I helped incise. I dissected through muscle layers. Bovied stray blood vessels. Helped clean around the Iliac vessels. Passed vessel loops around the major arteries and veins. Held the vessels still as my surgeon clamped away blood flow from the site of anastamosis. I held the kidney still as she delicately sewed the edges of the kidney vessels to the bodys’ blood vessels. I cut when she told me, held when she said to do so, and suctioned the blood that escaped her delicate motions. At the end of it, the kidney filled with blood, and a person who died in another state gave life to a person who was dying in this one. It was truly one of the most amazing experiences of my life and I feel so privileged to have been a part of it.
I think I’ve finally been a third year long enough to
write a post on how to succeed during rotations without having to be a grand
showman and intellectual prodigy. I’ve certainly made my fair share of mistakes
and straight up screw ups, I’ve also had a lot more successes than I expected.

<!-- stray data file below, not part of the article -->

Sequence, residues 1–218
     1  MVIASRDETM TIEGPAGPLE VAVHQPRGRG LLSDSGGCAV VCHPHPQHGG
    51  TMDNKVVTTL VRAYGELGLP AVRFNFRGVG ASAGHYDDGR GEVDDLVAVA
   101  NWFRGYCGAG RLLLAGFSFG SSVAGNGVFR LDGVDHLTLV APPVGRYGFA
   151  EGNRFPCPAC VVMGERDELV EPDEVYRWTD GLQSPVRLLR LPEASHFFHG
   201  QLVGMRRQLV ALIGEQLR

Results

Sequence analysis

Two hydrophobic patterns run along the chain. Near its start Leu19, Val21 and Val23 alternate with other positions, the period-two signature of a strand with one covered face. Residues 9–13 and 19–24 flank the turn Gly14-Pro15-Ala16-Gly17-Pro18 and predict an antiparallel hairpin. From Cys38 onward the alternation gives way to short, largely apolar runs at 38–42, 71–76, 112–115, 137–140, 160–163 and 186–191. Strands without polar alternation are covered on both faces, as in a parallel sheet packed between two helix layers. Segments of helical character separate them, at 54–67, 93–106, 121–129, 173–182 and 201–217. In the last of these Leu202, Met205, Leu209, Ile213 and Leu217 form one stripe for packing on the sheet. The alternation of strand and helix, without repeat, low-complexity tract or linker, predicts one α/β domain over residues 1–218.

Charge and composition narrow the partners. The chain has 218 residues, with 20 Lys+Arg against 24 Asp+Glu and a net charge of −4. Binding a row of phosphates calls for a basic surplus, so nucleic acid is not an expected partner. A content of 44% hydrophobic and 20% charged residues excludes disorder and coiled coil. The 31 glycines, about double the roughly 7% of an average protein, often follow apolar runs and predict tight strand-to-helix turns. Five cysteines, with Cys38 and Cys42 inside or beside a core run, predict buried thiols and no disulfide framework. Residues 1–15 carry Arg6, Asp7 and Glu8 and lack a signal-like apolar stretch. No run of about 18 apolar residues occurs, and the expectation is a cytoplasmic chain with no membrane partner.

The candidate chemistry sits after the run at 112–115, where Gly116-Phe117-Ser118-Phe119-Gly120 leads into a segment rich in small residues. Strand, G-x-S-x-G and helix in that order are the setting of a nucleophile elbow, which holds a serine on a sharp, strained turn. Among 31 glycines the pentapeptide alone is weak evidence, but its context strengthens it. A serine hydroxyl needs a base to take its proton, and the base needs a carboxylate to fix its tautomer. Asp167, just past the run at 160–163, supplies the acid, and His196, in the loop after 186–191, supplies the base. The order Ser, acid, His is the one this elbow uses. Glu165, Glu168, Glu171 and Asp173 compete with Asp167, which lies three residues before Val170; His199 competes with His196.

Hopefully, what I write is useful to those starting or
already on rotations (though I’m sure many of you are totally killing it
already) and remember these are based on my experiences and of what I’ve
learned from people I know so your experiences may be different. This isn’t a ‘how to’ guide, more a quick hit of helpful notes to take into consideration.
I also feel like maybe 50 wasn’t enough to actually
illustrate what rotations are like, so if anyone wants to add more to this
Tried and True
Show up the first day, bright eyed and bushy tailed no
matter how hard the last rotation was.
Always try to be there early, before the doctor, even if
it’s just a little bit.